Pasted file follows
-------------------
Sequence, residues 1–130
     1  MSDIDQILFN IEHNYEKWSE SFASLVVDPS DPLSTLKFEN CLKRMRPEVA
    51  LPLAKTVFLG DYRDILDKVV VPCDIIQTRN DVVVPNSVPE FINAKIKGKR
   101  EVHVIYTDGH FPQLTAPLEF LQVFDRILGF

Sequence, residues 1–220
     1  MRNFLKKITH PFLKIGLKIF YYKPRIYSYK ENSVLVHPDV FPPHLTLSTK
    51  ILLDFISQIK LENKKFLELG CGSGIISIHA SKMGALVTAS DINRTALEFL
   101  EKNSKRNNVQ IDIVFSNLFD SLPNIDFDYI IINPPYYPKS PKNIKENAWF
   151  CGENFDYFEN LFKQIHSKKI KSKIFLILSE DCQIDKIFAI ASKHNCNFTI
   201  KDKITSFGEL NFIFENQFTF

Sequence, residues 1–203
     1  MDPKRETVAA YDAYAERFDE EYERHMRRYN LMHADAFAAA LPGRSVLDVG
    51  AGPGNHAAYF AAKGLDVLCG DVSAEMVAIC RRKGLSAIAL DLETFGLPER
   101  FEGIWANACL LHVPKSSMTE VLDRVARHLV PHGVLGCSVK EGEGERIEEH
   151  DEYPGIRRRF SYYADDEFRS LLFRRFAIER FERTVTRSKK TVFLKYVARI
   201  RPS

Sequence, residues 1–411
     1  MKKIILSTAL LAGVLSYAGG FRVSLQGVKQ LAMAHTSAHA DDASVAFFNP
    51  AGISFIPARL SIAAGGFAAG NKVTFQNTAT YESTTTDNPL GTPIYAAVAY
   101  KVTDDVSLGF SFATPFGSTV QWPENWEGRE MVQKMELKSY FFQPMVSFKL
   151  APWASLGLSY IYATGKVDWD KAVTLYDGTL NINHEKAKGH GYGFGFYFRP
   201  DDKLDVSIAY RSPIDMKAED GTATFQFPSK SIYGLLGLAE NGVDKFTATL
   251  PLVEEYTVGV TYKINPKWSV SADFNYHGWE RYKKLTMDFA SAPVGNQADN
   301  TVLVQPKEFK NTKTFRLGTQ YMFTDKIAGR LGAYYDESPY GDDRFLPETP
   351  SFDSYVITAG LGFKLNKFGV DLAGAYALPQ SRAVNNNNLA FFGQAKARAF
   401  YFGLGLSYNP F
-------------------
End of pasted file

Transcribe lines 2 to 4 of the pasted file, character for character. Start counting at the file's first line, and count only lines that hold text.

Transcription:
     1  MSDIDQILFN IEHNYEKWSE SFASLVVDPS DPLSTLKFEN CLKRMRPEVA
    51  LPLAKTVFLG DYRDILDKVV VPCDIIQTRN DVVVPNSVPE FINAKIKGKR
   101  EVHVIYTDGH FPQLTAPLEF LQVFDRILGF